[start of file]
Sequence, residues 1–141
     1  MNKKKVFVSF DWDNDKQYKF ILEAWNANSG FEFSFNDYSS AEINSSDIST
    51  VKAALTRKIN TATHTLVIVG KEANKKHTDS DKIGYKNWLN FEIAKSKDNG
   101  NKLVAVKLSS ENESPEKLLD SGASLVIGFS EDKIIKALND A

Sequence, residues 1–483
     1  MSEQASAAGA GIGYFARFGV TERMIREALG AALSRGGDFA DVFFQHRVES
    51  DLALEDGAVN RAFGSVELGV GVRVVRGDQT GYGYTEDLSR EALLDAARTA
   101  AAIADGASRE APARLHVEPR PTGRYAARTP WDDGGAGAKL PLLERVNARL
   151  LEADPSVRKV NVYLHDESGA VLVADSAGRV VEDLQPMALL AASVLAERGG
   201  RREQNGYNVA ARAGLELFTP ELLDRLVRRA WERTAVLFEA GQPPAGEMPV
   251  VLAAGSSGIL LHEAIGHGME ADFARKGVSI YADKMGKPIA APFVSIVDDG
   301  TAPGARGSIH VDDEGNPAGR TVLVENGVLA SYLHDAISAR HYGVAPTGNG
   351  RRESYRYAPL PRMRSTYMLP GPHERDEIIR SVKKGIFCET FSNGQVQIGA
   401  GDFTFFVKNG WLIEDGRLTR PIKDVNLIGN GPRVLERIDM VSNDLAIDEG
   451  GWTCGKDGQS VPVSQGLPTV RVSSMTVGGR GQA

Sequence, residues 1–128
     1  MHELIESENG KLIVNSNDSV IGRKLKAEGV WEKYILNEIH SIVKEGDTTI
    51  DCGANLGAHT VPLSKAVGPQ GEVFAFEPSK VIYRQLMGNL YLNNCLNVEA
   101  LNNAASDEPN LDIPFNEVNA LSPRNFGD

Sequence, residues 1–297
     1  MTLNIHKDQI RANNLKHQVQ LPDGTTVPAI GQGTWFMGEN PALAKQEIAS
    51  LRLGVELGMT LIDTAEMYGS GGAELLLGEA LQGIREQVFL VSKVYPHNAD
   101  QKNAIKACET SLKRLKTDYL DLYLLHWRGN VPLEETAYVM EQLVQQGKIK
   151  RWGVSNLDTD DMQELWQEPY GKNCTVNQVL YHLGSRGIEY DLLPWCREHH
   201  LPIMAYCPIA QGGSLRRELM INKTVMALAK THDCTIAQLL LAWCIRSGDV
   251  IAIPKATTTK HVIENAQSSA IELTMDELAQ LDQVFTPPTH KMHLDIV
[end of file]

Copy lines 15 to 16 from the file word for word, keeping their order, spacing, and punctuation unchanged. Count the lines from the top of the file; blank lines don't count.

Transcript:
   451  GWTCGKDGQS VPVSQGLPTV RVSSMTVGGR GQA

Sequence, residues 1–128